"Rolnos loves his plants like his own children, Ethel," said Navimie, in a low voice. "Asking you to care for his plant is like asking you to take care of one of his children. He wouldn't trust just anyone with that plant. There was a pandaren shaman who wanted to buy that bonsai from him for 20000 gold, but he wouldn't part with it, because he was afraid it wouldn't be looked after and he would hate it if the plant died without proper care. That's why he asked you, he trusts YOU."

Ethel paused mid cut as she thought about Navimie's words. Navimie could see the old woman was considering the idea, but needed an extra nudge to take on the task.

"He is dying, Ethel. Even I cannot heal him from old age. The body can only regenerate so much. He has no family left, his brother was his last living relative. His wife was killed by Drogbar raiding parties years ago and he never remarried. His brother's children, his nephews...."

"... were lost in the waterfall fishing accident 30 years ago, yes, I remember," said Ethel, her voice wistful with sad memories. "I hadn't really thought about it in that way. Poor Rolnos. I will speak to him."

Navimie smiled, her eyes crinkling at the corners. "I think he would like that, Ethel."

Rolnos was so happy that Ethel was going to look after his bonsai. "It means so much to me, Ethel, yes it does," he said, his eyes shining with unshed tears. He coughed spasmodically, and sat down, panting.

"Don't cry on me, old bull," said Ethel, as she took the plant carefully from him. "But I'll look after it for you until you're feeling better." It was quite a good plant, she thought, but it could be better with a bit of work. Shape this branch here and trim more from the edges, I could make it a work of art.

Rolnos' health continued to decline and he rarely left his home anymore, and Navimie's visits to Ethel decreased as her visits to Rolnos increased. There was not much she could do except keep him comfortable, as he was adamant he did not want his life extended. He had lived a good long life, though filled with much sadness, and there was little for him to live for now.

Spring Festival came to Highmountain, and a plant display on the upper rim was part of the festivities. Ethel wanted to put Rolnos' bonsai on display, as she had been working on it for the better part of a two months. She was very pleased with the new form, and as part of the festival, there was a people's choice award for best in show. How exciting it was when Rolnos' plant won the People's Choice award!

A commemorative plaque was made for the winner, and Ethel made her way resolutely towards the young tauren who was carving the plates.

"I want you to put Rolnos' name as winner of this award," she said. "It's his plant, I looked after it for him when he was unwell."

The young tauren frowned. "I'm not sure that's allow..."

Ethel waved her stick menacingly in his direction. "You listen to me, young calf. Of course it's allowed. How can he carry this bonsai in when he can hardly leave his home? He deserves this award! Why, when I was your age, I showed some respect for elders and their wishes, not argued with them day and night like a goblin haggling over the price of a cogwheel!"

"Yes, yes, Madame. I will make sure of it," said the tauren, eager to end the awkward conversation.  Pleased with herself, Ethel walked back to look at the crowds of people admiring the plant, her heart warm with satisfaction.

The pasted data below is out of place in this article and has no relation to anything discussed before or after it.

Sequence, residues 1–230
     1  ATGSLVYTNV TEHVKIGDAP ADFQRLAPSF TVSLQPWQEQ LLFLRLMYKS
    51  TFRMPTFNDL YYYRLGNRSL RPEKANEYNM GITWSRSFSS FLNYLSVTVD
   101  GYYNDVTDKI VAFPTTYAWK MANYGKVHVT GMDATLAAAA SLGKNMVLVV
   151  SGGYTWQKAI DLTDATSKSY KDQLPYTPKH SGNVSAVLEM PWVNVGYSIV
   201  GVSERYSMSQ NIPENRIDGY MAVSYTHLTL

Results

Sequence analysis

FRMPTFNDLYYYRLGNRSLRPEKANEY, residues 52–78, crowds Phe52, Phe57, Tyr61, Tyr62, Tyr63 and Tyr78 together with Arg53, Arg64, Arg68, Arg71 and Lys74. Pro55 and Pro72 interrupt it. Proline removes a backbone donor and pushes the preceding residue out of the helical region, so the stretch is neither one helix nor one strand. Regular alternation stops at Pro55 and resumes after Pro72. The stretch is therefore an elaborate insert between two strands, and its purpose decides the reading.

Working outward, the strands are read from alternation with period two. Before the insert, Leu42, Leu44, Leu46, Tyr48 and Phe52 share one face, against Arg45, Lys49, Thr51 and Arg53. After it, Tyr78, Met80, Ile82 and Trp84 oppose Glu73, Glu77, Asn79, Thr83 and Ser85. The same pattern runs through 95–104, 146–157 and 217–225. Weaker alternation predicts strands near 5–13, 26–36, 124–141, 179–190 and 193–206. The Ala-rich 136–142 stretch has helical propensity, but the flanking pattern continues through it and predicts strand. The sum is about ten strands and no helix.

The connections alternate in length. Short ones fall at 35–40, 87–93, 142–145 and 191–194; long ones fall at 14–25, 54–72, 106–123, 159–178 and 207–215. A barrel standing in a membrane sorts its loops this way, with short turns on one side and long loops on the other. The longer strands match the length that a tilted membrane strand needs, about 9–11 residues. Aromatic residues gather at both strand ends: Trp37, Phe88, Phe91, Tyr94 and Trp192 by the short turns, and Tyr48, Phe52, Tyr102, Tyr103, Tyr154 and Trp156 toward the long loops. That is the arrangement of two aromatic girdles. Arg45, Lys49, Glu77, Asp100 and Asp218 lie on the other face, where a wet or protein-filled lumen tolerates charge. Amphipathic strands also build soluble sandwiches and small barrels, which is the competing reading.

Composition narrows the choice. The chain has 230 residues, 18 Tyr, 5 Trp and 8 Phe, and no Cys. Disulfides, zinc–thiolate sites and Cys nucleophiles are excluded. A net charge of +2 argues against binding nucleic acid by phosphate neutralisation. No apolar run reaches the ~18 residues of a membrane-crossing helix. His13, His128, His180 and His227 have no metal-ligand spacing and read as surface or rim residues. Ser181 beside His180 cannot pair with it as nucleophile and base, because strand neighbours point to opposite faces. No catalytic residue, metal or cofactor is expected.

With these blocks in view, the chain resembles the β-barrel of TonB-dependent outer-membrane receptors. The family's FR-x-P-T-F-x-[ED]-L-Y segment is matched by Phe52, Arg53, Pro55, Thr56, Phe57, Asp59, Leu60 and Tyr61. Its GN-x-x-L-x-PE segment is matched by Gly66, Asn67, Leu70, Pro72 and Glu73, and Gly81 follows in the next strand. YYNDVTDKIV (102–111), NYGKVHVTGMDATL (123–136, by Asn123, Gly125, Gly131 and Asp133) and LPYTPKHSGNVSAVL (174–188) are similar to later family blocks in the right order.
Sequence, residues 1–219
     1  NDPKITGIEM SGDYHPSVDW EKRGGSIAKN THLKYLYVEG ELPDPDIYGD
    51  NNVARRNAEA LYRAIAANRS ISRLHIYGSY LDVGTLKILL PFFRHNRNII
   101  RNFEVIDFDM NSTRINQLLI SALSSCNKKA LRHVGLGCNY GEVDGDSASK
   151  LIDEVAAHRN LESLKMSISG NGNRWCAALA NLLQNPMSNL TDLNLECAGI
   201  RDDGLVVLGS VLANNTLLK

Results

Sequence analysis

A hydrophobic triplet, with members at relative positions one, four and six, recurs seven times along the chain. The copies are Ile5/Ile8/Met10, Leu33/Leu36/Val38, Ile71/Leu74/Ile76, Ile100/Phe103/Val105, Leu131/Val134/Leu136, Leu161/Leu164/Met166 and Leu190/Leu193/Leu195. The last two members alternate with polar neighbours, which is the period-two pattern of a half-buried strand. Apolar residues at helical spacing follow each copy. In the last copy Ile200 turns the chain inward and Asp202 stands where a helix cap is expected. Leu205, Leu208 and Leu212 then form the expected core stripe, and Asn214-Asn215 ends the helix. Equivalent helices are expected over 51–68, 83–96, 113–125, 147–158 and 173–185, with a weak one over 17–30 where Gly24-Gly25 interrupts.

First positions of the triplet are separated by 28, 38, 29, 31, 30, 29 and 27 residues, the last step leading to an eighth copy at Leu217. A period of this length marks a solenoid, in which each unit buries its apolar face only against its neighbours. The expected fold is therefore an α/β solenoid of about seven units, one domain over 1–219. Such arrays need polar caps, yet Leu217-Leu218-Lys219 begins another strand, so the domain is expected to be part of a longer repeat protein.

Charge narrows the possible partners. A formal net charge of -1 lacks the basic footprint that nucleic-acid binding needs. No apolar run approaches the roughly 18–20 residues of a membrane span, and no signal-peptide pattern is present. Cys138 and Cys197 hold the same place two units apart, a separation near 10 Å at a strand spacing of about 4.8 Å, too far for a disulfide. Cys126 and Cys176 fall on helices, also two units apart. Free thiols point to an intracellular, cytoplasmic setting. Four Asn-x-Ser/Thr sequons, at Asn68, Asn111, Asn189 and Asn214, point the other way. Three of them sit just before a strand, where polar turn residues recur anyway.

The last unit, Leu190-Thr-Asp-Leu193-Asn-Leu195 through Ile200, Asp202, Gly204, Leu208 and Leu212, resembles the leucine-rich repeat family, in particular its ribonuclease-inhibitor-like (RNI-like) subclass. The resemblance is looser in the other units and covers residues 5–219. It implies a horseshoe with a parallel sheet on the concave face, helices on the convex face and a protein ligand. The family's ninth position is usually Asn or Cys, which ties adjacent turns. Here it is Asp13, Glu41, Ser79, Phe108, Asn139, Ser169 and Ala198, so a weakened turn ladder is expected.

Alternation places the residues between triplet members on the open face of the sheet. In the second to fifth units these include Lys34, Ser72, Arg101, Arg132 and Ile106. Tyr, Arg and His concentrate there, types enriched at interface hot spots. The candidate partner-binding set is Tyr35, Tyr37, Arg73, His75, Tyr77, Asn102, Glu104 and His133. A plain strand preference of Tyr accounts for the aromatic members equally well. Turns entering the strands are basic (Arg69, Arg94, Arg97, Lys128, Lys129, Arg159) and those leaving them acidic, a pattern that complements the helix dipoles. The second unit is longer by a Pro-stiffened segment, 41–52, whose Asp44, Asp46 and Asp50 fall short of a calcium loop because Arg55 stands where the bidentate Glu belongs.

Rolnos was presented with the plaque, and he was so thrilled, he asked to have it hung on the entrance wall of his home. Navimie was helping him hang it, and she smiled quietly to herself as she listened to Rolnos say how happy he was that his beloved bonsai had won the people's choice award.

"How I wish I could have seen it," he sighed, wistfully. "I'm sure Ethel would have made it beautiful." He coughed weakly, but his eyes were glowing with pride, as he looked at the plaque.

"It was already beautiful, just a different touch was added to it," said Navimie, frowning as she lay a hand over his chest, feeling his breath. She could feel the strength in him waning - it wasn't long now. But he was so happy, his life forces within were shining brightly, brighter than they had been for many months.


When you reached a certain age, funerals became an ever increasing occurence. Rolnos was farewelled in the traditional tauren way, embalmed on a bier raised on totem poles, a single tapestry hanging from the front - his wedding tapestry.

"Great Earth Mother," boomed the deep voice of Jale Rivermane, Chieftain of Rivermane clan, "Into your arms we give one of our own. He is Rolnos Oakmane, whose love of the earth taught many..."

Jale's voice faded away as Ethel was lost in her own thoughts. How in her stubborness she did not see that what Rolnos wanted was to give her a gift, not a burden. And how she nearly refused the opportunity to give him one of his last moments of happiness.

"It is a high honour, Ethel, that his last thoughts were of gratitude to you," said Navimie quietly, interrupting the old lady's thoughts.

"He shouldn't be thanking me," replied Ethel."I should be thanking him. He helped me rekindle my love for all things green and growing, something I thought I had lost since my illness."

In Ethel's gnarled fingers she held a branch trimmed from Rolnos' bonsai, and as Chieftain Jale's words came to an end, she placed it alongside the People's Choice Award Plaque.

"Your tree will outlive the both of us, Rolnos," she whispered, as she walked away. "I'll make sure of it."


Thanks to Kamalia, whose post on Tauren funeral rites I used as reference (again).


  1. That is a lovely story, Navi. I think this is going to be part of my headcanon for Highmountain now.
    I'm glad that I could help you with the retelling of it, too :)

    1. Thanks Kam! That funeral post of yours is excellent - I remember referring it to it for some other story some years ago.